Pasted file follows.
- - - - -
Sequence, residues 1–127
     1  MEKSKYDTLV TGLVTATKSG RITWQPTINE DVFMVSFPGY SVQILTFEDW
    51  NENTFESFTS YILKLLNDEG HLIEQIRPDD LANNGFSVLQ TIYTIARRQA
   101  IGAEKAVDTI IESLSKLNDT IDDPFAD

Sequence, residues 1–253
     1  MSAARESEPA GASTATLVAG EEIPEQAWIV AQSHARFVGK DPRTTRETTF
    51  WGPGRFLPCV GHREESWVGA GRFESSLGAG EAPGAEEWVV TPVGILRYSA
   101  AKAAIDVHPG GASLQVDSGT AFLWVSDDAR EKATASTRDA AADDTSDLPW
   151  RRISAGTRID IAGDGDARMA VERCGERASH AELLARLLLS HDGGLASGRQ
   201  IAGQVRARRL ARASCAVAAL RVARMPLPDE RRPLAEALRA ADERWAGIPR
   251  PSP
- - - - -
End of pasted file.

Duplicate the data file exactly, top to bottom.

Sequence, residues 1–127
     1  MEKSKYDTLV TGLVTATKSG RITWQPTINE DVFMVSFPGY SVQILTFEDW
    51  NENTFESFTS YILKLLNDEG HLIEQIRPDD LANNGFSVLQ TIYTIARRQA
   101  IGAEKAVDTI IESLSKLNDT IDDPFAD

Sequence, residues 1–253
     1  MSAARESEPA GASTATLVAG EEIPEQAWIV AQSHARFVGK DPRTTRETTF
    51  WGPGRFLPCV GHREESWVGA GRFESSLGAG EAPGAEEWVV TPVGILRYSA
   101  AKAAIDVHPG GASLQVDSGT AFLWVSDDAR EKATASTRDA AADDTSDLPW
   151  RRISAGTRID IAGDGDARMA VERCGERASH AELLARLLLS HDGGLASGRQ
   201  IAGQVRARRL ARASCAVAAL RVARMPLPDE RRPLAEALRA ADERWAGIPR
   251  PSP